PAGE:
Additionally, as a matter of state constitutional law, denial of parole to California inmates must be supported by "some evidence" demonstrating future dangerousness. Hayward v. Marshall, No. 06-55392, slip op. at 34-35 (9th Cir. April 22, 2010) (en banc) (citing In re Rosenkrantz, 59 P.3d 174, 210 (Cal. 2002), In re Lawrence, 190 P.3d 535, 549 (Cal. 2008), and In re Shaputis, 190 P.3d 573, 582 (Cal. 2008)). The federal Due Process Clause requires, in turn, that California comply with its own quantum of evidence requirement. See Hayward v. Marshall, No. 06-55392, (Berzon, J., concurring in part and dissenting in part at 13). In Hayward, the Ninth Circuit Court of Appeals directed reviewing courts in this circuit to "decide whether the California judicial decision approving the governor's decision rejecting parole was an 'unreasonable application' of the California 'some evidence' requirement, or was 'based on an unreasonable determination of the facts in light of the evidence.' Hayward Marshall, slip op. at 37.
The analysis of whether some evidence supports denial of parole to a California state inmate is framed by the state's statutes and regulations governing parole suitability determinations. See Irons, 505 F.3d at 851. This court "must look to California law to determine the findings that are necessary to deem [a petitioner] unsuitable for parole, and then must review the record to determine whether the state court decision holding that these findings were supported by 'some evidence' [ ] constituted an unreasonable application of the 'some evidence' principle." Id.
Title 15, Section 2402 of the California Code of Regulations sets forth various factors to be considered by the Board in its parole suitability findings for murderers. The regulation is designed to guide the Board's assessment of whether the inmate poses "an unreasonable risk of danger to society if released from prison," and thus whether he or she is suitable for parole. In re Lawrence, 44 Cal.4th 1181, 1214, 1202 (2008). The Board is directed to consider all relevant, reliable information available regarding the circumstances of the prisoner's social history; past and present mental state; past criminal history, including involvement in other criminal misconduct which is reliably documented; the base and other commitment offenses, including behavior before, during and after the crime; past and present attitude toward the crime; any conditions of treatment or control, including the use of special conditions under which the prisoner may safely be released to the community; and any other information which bears on the prisoner's suitability for release.
15 Cal. Code Regs. §2402(b). The regulation also lists several specific circumstances which tend to show suitability or unsuitability for parole. 15 Cal. Code Regs. §2402(c)-(d). The overriding concern is public safety and the focus is on the inmate's current dangerousness. In re Lawrence, 44 Cal. 4th at 1205. Thus, the proper articulation of the standard of review is not whether some evidence supports the reasonscited for denying parole, but whether some evidence indicates that a parolee's release would unreasonably endanger public safety. In re Shaputis, 44 Cal.4th 1241, 1254 (2008). In other words, there must be some rational nexus between the facts relied upon and the ultimate conclusion that the prisoner continues to be a threat to public safety. In re Lawrence, 44 Cal. 4th at 1227.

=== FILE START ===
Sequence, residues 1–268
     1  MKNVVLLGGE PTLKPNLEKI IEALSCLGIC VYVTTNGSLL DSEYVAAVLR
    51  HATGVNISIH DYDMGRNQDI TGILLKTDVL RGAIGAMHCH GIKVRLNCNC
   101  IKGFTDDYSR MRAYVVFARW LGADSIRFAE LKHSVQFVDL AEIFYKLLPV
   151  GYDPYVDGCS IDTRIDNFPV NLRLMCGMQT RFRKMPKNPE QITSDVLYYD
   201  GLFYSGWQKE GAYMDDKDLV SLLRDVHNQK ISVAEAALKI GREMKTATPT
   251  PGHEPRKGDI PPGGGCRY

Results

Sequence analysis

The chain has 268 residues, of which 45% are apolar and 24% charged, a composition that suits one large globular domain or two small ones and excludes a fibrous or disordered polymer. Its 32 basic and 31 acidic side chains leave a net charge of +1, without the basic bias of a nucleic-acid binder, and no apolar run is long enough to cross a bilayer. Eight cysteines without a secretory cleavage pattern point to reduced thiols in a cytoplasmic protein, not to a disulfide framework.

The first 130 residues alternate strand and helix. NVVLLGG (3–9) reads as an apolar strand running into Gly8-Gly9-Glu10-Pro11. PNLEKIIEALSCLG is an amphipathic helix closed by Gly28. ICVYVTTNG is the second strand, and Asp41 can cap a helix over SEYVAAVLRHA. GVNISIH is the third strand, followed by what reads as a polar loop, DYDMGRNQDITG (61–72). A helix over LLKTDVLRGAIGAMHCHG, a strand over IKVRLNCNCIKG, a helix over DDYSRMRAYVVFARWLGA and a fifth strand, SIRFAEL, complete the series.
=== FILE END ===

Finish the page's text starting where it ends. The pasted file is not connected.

The statutory procedure guiding the governor's review of a parole decision of an inmate sentenced to an indeterminate term for a murder conviction is contained in title 15, section 3041.2 of the California Code of Regulations. Although the governor undertakes an independent, de novo review of an inmate's suitability for parole, his decision must be based on the same statutory factors and the same evidentiary record that was before the Board. In re Rosenkrantz, 29 Cal.4th 616, 661 (2002). The governor is entitled, however, to weigh the suitability factors differently than did the Board. See Id. He may choose to be more stringent or cautious in determining whether an inmate poses an unreasonable risk to public safety. In re Shaputis, 44 Cal.4th at 1258. Nevertheless the governor's decision must still reflect due consideration of the specified factors as applied to the individual prisoner in accordance with applicable legal standards, and must be supported by some evidence in the record. In re Lawrence, 44 Cal.4th 1181, 1204.
1. 2003 Grant of Parole and Subsequent Reversal by Governor Davis
a. The Board's 2003 Decision
The Presiding Commissioner for the 2003 panel of the Board indicated their reliance on several different statutory circumstances in reaching the conclusion ...